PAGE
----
Greer Gilman

Thu 11 Jun 2009 - Filed under: Authors


Greer Gilman’s novel, Moonwise, is decidedly thorny. It won the Crawford Award and was shortlisted for the Tiptree and Mythopoeic Fantasy Awards. “A Crowd of Bone” is one of three linked stories, variations on a winter myth. The first, “Jack Daw’s Pack,” was a Nebula finalist for 2001, and the subject of a Foundation interview by Michael Swanwick. A sometime forensic librarian, Gilman lives in Cambridge, Massachusetts, and travels in stone circles.


Cloud & Ashes

“A work that reads like language stripped bare, myth tracked to its origins. Seasons, weather, lust, pain, sacrifice … the stuff of old ballads becomes intensely real, with the natural contradictions of a cold wind that both chafes and dances…. And the payoff is immense. I finished Cloud & Ashes almost tempted to write a thesis that compares it favorably to what James Joyce did in Ulysses and tried in Finnegan’s Wake, yet feeling like I’d lived through it all.”

“Moving, engaging, mysterious, glorious…In her flying pastiche of words and images Gilman does in the fantasy vernacular what Joyce aimed for.”

A Crowd of Bone

“Gilman’s ‘A Crowd of Bone’ . . . is dense, jammed with archaic words and neologisms . . . but the story—complex, tangled in narrative as well as syntax, and very dark—rewards the most careful of readings.”
The Washington Post Book World

“Greer Gilman’s diamond of a novella . . . might reward a lifetime of re-reading. A question like ‘What is it about?’ is as useful applied to Gilman’s novella as asked of a snow leopard. Both simply are.”


Greer Gilman is a writer like no one else. Many try to employ the matter of myth and folktale, but their tongues are inadaquate—Gilman can employ words as the bards of Ireland did, to make realities . . . Moonwise doesn’t resemble a work of the past age—it is the past age come back new, in its clothes and its language and its dark riddling heart. Moonwise simply has no peers.”
—John Crowley


Trampoline: an interview

Two more interviews: -1--2-

KL: Were there any particular writers or stories that influenced the writing of the story that will be appearing in Trampoline? If so, how exactly did they influence the writing of your story?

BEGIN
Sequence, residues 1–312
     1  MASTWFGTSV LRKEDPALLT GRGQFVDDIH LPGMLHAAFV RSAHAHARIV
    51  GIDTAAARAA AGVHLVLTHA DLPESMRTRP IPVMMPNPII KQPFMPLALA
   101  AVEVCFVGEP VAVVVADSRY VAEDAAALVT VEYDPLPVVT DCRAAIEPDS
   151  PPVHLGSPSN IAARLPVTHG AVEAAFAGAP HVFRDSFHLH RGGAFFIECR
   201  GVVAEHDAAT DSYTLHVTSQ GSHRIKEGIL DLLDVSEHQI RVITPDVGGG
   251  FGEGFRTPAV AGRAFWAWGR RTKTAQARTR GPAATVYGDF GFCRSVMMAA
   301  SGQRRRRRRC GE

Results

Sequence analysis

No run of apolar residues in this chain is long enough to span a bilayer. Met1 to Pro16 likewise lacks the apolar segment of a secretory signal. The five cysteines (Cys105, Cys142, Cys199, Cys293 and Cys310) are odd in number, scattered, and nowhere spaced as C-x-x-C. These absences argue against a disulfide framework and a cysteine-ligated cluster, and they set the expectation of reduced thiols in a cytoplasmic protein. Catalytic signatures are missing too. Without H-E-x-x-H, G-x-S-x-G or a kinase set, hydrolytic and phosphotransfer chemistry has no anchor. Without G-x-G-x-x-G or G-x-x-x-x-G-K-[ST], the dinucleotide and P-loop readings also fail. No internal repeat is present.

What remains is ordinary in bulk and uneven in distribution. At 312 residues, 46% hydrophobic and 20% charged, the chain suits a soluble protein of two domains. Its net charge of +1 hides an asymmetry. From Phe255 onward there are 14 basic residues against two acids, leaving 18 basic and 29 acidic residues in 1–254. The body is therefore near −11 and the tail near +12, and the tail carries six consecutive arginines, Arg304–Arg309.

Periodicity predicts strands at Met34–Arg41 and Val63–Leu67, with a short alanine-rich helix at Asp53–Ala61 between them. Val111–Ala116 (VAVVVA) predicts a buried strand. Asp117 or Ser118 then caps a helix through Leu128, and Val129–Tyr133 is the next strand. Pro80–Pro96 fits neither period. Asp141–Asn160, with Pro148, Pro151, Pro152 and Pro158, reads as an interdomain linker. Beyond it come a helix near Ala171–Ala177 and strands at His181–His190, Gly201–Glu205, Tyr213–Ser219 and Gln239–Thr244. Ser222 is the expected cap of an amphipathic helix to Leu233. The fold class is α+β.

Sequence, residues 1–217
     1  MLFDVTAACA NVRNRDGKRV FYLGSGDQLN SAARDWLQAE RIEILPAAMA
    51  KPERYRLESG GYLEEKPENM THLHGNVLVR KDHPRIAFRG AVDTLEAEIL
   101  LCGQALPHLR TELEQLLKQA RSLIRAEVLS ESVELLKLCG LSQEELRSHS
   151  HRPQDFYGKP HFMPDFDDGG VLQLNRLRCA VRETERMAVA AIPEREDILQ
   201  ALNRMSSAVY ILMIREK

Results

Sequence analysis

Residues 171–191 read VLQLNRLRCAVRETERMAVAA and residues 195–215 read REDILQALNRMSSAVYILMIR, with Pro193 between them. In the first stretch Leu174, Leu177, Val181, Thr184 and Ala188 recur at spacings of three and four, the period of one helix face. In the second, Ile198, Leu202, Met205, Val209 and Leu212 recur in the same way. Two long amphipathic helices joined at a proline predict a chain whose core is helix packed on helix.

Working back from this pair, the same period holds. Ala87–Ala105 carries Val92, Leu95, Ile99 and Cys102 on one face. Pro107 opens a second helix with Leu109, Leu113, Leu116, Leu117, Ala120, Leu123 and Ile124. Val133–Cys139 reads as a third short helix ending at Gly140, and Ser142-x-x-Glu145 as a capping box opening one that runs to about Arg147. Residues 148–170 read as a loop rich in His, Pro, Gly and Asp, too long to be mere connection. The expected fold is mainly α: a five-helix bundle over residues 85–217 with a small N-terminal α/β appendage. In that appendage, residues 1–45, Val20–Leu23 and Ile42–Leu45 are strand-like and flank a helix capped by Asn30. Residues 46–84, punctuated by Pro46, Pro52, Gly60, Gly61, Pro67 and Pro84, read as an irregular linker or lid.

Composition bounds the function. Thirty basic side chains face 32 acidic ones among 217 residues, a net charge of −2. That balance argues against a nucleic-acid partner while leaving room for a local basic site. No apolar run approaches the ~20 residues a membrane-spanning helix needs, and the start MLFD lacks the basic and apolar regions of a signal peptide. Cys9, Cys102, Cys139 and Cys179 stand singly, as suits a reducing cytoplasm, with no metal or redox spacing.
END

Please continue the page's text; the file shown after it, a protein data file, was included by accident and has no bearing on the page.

GG: Folk songs and ballads, mostly, ravelled out and rebraided. Lots of Anon. Some formal poetry: Hopkins and the Gawain poet, for the hedge-entangled language; Andrew Marvell, for the mowers. And for the soliloquies, a slew of playwrights. It’s a winter’s tale, a late romance. I wrote it for the ear, as much as for the imagination. There are two sorts of voices here, in counterpoint: Cloudish vernacular and a high Jacobean iambic, endlessly enjambed.

I owe the vision of the Scarecrow/Hanged Man/Child Sacrifice to the late miraculous Lal Waterson. Her song, “The Scarecrow,” haunts me, and it has for years.

Oh, and Thea’s magic is inspired by the art of Andy Goldsworthy.

KL: Is your Trampoline story generally representative of the sort of story you usually write? To elaborate: is this story a departure in style or subject matter (or any other sort of departure, for that matter) for you? If so, what was different or new for you in the writing of this story? Do you think it is a new direction for your writing, or simply an experiment?

GG: I keep moving inward. It gets bigger.

KL: What’s your favorite cocktail?

GG: Chocolate.

KL: Which of the seven deadly sins is your favorite these days?

GG: Don’t know whose friends they are, but Sloth and Gluttony keep hanging around my kitchen playing cards.

KL: What’s your favorite rule of thumb?

GG: When you come back for it, it won’t be there.

KL: Do you have any pets? How many? And if so, how do they affect your writing (if at all)?

GG:No. None. Not at all.

KL: What is the writer’s role in inhabiting the commercial spaces of publishing?

GG:Waiting anxiously in hallways.

KL: Best trampoline story you know (or, in lieu of story, rules for best trampoline game you’ve played).

GG: The one with the castellated blancmange and the roller skates has seldom been attempted.

KL: Where do you hope to haunt when you’re gone (or, I guess, when you come back)?

GG: A kitchen table with old friends. A library. Woods in autumn. An English wood in spring. A winter hillside on a starry night. My desk when I’m writing well. The seacoast of Bohemia.

KL: What are your favorite kids’ books? What was your favorite when you were a kid (say, 10)?

GG: Say five, six, seven.

I always loved Mary Poppins and Irene’s Great-Great-Grandmother (in The Princess and the Goblin). They were my first intimations of godhead. Mary Poppins is Artemis. (“Is this a Nursery or a Bear Garden?”) Prickly, aloof, but a great protectress if she’s yours. And the sun, moon, and stars dance for her: she’s a strange attractor for the numinous.

But Irene’s Grandmother — ah, she indwells. I’ve been writing about the moon ever since. And threads and labyrinths and rings, and children lost in houses which are dreams.

Alice got into my warp as well. Everyone she meets is so rude. And that row of asterisks as she’s shrinking — chin to foot — gave me a sense of the magic in typography, of spell.

What else? I loved The Golden Almanac, which gave me my fascination with the turning year. October had “The Wraggle Taggle Gypsies, O!” in a whirl and tatter of leaves — so ballads keep for me that vivid restless melancholy.